It pisses me off and gives me hope at the same time. That deserves 3 stars all on its own, I suppose.
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LibraryThing member akeela
This is one of my enduring favorites. Although this memoir was written in 1955, it is still completely relevant today. In the midst of being tied up with her family life –she has a husband and five children – Lindbergh decides to take off and spend some time alone on an island to replenish herself. As the days pass, she starts relaxing and leaving the busyness behind; she then begins to soak up nature and the abundant gifts the sea has to offer in terms of life lessons. Very wise, and beautifully written. Highly recommended.… (more)
LibraryThing member Citizenjoyce
I gave this book 3 stars because many people will find it inspirational, as I did, in parts. I like the fact that Lindberg emphasizes the need for solitude which many people then and now still seem not to understand. Also, I have great respect for Lindberg's intelligence and her abilities. But her long interlude on the importance of and means of maintaining one's marriage, of overlooking faults and nurturing a continuing relationship with one's husband was grating. Lindberg's husband was also intelligent and accomplished and a non-repentant anti-semitic Nazi sympathizer who never admitted his mistakes. I suppose a good Catholic woman would think it admirable to overlook his faults as a good mafia wife would, but I don't see that as an admirable accomplishment. Anne Lindberg with her parcel of children and an anti-Semitic husband and the Kennedy women with their parcels of children and their roving husbands took solace in walking the spiritual road of their Catholic faiths. Good for them and their psyches, but I don't think they should give advice to do the same to women trying to lead lives of fuller authenticity.… (more)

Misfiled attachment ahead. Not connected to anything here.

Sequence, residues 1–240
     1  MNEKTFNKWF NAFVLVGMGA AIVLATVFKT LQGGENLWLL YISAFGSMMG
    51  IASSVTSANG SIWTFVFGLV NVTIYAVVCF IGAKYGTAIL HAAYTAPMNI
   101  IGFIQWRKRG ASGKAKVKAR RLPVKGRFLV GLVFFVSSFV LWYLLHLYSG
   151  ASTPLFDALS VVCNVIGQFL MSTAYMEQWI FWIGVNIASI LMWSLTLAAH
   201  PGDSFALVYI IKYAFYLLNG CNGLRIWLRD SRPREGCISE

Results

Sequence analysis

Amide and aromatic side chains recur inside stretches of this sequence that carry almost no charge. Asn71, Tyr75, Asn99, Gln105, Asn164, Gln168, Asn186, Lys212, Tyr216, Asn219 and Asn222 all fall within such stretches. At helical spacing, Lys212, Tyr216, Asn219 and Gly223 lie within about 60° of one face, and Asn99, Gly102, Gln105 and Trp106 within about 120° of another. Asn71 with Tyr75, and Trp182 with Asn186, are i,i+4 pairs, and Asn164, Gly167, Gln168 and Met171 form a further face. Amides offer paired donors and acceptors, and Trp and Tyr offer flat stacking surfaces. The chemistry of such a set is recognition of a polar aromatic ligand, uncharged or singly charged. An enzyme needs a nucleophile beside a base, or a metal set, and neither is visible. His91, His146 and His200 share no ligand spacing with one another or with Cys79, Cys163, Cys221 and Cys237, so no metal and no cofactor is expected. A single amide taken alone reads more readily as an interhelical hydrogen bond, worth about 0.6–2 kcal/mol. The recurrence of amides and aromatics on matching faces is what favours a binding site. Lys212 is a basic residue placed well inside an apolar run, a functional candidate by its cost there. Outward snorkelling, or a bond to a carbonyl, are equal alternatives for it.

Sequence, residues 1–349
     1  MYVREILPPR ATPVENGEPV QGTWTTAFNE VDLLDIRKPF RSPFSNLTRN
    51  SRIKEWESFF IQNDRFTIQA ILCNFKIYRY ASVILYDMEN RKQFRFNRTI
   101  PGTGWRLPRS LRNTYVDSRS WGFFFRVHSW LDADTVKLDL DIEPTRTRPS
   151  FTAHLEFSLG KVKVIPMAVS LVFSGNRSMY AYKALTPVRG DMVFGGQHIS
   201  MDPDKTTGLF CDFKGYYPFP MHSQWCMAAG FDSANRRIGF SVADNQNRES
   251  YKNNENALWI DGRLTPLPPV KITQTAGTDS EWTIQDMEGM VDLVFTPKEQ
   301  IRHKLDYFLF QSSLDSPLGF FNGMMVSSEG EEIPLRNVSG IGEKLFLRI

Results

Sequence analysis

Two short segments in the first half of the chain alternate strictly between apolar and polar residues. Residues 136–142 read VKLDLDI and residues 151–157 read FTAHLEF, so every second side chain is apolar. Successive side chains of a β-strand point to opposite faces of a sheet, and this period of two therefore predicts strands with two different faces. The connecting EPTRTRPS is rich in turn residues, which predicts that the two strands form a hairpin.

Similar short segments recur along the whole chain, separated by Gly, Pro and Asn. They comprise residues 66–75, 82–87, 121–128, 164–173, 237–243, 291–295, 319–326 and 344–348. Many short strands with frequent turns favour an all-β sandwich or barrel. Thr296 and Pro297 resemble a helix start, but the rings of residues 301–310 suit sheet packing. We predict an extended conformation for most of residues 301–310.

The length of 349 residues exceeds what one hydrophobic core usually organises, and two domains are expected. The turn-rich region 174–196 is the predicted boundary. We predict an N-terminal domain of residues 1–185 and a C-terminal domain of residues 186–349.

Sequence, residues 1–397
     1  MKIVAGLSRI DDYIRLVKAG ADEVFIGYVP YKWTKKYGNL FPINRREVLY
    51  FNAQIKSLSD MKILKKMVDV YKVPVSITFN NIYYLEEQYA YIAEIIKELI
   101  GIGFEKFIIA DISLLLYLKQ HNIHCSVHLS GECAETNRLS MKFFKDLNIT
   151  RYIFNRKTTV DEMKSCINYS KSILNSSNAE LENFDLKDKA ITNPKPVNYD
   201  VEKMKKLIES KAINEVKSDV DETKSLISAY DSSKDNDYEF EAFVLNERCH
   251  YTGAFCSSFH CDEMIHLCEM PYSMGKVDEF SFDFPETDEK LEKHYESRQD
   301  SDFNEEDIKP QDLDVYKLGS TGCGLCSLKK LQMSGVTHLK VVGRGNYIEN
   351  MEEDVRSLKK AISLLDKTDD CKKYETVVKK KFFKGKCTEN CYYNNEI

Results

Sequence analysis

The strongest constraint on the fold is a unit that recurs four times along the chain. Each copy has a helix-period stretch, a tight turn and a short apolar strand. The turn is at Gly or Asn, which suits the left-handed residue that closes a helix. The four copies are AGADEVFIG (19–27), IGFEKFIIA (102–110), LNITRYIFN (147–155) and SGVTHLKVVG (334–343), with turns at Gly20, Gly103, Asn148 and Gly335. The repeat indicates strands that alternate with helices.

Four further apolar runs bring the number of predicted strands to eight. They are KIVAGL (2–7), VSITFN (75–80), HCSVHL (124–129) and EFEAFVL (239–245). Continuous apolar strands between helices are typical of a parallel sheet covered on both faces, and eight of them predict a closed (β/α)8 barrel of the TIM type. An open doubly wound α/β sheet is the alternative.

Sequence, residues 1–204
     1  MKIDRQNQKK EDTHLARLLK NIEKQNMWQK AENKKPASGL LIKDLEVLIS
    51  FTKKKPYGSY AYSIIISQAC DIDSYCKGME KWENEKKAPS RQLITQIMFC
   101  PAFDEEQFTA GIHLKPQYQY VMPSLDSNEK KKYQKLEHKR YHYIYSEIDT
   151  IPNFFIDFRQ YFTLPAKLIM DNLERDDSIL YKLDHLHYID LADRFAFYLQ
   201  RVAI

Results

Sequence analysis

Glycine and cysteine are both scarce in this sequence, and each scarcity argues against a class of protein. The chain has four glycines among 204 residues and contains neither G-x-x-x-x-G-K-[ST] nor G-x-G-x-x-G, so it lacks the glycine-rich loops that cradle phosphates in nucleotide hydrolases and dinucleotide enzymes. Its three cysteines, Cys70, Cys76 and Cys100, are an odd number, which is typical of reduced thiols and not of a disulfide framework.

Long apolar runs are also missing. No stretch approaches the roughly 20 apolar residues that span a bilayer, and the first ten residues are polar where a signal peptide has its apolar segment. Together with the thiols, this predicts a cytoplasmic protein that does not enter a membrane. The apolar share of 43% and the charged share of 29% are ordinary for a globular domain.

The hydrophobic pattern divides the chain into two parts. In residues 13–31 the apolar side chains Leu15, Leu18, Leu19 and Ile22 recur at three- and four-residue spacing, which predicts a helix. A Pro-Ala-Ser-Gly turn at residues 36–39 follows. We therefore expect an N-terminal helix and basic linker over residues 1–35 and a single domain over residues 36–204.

LibraryThing member Rascalstar
This book is timeless, especially for women. Written in 1955 by Anne Morrow Lindbergh while she took a couple weeks out of her busy life to write and reflect on an island in a cottage by the sea, the book still speaks to current generations. She uses various type of empty seashells to illustrate and discuss the stages of life, mostly for women, but men have found this little book a gem as well. It can be read in a day. Her reflections and observations are wise and speak to several generations. At the time, she had 5 children and was married, with a busy social and working life. She points up that all women, especially then in 1955 and probably more so now, need alone time to replenish themselves. Women give so much of themselves to people and other activities that this alone time is critical. She makes some astute observations about aging women as well.

I think I'll read the book again now and then. It's graciously written and a good reminder.
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LibraryThing member ValerieAndBooks
A collection of personal essays by Anne Morrow Lindbergh, each one using a seashell as an analogy. This is the type of writing that would appeal to some women, especially those who are wives and mothers. Some things she said did resonate with me and her writing was nice, but it was really hard not to try to read between the lines knowing that the author was married to Charles Lindbergh, a Nazi sympathizer who also reportedly was a cold fish but yet still managed to have secret mistresses and families with these other women. She never refers to him (or her children) directly but always speaks in very general terms, i.e. " a husband and a wife". What was really going on in her life when she wrote Gift from the Sea in 1955, I cannot help but wonder.… (more)
LibraryThing member memccauley6